Haiti – Can smartphones make schools better?

World Bank


In Haiti, World Bank researchers worked with the Ministry of Education to evaluate a pilot program to use digital technology to help keep track of teachers in school and enable more effective monitoring of schools. The plan was to use smartphones to take photos in school of teachers and send the photos to a central server that could be accessed by school inspectors and ministry officials. The problem was that implementing the program was difficult and compliance was low. In the end, there was no effect on teacher absenteeism or student learning, in part because of the problems getting the program up and running.

Researchers randomly assigned 200 public and private primary schools either to a control group or to participate in the program. In the 100 schools assigned to receive the program, directors received a smartphone with a built-in system that allowed them to send information about the school to a centralized server, including daily photographs of teachers to verify they were at work. School inspectors could access the server in real time for efficient supervision. Both the inspectors and the school directors received training from the research team and the cell phone company on how to use the phones and software.

Before the program began, the research team administered an Early Grade Reading Assessment (EGRA) to a sample of 15 students at each school. As the program ended, the research team administered the EGRA to another random sample of students in all 200 schools. Researchers conducted an in-depth qualitiative study in a small sample of schools after the program ended, interviewing 37 teachers, 14 directions, and four inspectors about the operational challenges of the program and their perceptions of it.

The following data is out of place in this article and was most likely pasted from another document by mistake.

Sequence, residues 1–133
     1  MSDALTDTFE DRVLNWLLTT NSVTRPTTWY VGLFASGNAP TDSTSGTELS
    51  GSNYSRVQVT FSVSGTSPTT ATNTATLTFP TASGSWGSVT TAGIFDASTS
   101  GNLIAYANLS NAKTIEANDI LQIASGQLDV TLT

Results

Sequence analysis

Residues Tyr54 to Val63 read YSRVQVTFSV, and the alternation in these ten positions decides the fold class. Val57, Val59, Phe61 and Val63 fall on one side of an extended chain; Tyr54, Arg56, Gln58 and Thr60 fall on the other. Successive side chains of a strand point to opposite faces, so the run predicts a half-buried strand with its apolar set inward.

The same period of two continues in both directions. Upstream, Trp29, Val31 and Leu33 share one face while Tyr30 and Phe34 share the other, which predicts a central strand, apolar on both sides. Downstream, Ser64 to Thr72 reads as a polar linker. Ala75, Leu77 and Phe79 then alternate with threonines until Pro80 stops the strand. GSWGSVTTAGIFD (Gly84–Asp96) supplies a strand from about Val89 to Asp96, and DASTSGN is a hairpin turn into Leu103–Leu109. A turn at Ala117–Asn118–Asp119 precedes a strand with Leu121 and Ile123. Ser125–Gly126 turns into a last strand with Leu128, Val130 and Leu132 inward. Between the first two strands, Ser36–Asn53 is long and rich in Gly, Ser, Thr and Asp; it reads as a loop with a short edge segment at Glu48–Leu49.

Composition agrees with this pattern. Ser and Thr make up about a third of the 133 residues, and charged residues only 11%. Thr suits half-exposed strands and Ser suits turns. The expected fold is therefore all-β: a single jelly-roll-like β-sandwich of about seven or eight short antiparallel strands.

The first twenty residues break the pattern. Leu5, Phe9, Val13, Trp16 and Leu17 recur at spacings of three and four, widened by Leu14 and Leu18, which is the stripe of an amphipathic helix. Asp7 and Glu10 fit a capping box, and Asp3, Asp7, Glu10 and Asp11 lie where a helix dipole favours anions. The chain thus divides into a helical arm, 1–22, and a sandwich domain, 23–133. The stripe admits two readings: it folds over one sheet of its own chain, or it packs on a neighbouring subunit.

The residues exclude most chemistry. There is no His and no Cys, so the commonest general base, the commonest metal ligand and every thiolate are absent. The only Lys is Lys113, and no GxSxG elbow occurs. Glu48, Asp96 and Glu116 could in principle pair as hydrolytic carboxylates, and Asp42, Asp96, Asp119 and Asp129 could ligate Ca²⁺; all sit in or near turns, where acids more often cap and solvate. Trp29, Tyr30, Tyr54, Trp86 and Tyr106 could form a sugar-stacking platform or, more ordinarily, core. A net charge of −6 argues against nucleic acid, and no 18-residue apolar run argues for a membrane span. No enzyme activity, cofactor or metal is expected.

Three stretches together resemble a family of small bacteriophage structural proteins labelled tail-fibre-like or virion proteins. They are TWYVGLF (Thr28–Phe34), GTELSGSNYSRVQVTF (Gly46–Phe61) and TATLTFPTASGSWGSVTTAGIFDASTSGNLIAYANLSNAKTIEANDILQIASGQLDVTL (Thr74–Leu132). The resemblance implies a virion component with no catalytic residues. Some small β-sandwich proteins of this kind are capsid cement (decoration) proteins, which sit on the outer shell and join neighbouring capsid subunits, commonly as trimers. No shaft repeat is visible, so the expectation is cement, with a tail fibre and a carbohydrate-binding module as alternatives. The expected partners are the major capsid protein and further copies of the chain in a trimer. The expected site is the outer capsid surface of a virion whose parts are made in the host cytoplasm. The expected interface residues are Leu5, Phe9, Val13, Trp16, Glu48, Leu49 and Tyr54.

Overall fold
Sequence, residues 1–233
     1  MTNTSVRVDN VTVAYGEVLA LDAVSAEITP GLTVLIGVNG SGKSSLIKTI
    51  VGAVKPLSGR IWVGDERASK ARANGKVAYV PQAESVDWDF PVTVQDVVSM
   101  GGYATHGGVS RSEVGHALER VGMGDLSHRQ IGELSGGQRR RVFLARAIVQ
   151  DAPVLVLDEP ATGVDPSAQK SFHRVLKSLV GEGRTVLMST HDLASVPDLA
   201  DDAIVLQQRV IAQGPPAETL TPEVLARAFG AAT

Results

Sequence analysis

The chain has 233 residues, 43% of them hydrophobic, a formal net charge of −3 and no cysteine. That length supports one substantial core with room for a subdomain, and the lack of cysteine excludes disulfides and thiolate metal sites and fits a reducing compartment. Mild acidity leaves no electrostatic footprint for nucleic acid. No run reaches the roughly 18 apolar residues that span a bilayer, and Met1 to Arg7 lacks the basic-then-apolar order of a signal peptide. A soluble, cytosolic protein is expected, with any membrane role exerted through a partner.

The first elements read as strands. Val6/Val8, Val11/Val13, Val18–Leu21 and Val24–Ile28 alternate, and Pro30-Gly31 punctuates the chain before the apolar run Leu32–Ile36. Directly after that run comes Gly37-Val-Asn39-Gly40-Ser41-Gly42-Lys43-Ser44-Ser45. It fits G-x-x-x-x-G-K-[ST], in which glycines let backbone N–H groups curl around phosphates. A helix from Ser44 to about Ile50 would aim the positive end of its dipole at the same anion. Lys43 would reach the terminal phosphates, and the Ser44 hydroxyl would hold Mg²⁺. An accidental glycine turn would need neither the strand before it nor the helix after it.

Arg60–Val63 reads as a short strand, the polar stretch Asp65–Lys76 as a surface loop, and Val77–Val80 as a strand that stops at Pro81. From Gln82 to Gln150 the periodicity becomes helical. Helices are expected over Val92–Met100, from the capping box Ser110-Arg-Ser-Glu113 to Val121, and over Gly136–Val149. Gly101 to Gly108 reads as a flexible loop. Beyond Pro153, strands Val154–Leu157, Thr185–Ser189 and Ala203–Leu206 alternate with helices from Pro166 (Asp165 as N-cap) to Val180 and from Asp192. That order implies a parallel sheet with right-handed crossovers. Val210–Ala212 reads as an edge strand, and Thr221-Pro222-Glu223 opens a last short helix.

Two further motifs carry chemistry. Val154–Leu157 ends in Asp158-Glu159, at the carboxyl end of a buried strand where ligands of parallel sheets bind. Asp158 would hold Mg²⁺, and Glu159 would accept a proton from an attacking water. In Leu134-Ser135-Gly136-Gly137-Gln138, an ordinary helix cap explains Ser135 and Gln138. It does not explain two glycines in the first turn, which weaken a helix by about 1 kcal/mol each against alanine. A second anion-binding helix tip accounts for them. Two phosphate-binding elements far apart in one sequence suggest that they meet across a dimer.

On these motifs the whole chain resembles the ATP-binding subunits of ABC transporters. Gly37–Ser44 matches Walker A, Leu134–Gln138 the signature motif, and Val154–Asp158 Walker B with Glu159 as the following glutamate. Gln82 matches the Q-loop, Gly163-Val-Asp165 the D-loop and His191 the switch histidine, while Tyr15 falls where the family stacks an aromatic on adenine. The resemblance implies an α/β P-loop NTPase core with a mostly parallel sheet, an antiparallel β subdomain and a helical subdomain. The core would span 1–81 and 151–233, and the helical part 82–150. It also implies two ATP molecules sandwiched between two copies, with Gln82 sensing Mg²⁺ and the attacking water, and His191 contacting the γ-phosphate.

The program faces technical challenges from the start, introducing delays and technical problems that made it hard to implement as planned. Once the program was launched, school officials reported difficulties using the new technology, despite having received training beforehand. In the end, very few schools actually used the program with any regularity. The technology seemed to have introduced additional problems, including a drop in inspections among schools that received the mobile technology. The program had no impact on either student learning or teacher absenteeism.


World Bank. (2015). Haiti – Can smartphones make schools better? (From Evidence to Policy note 102710). Washington, DC: World Bank.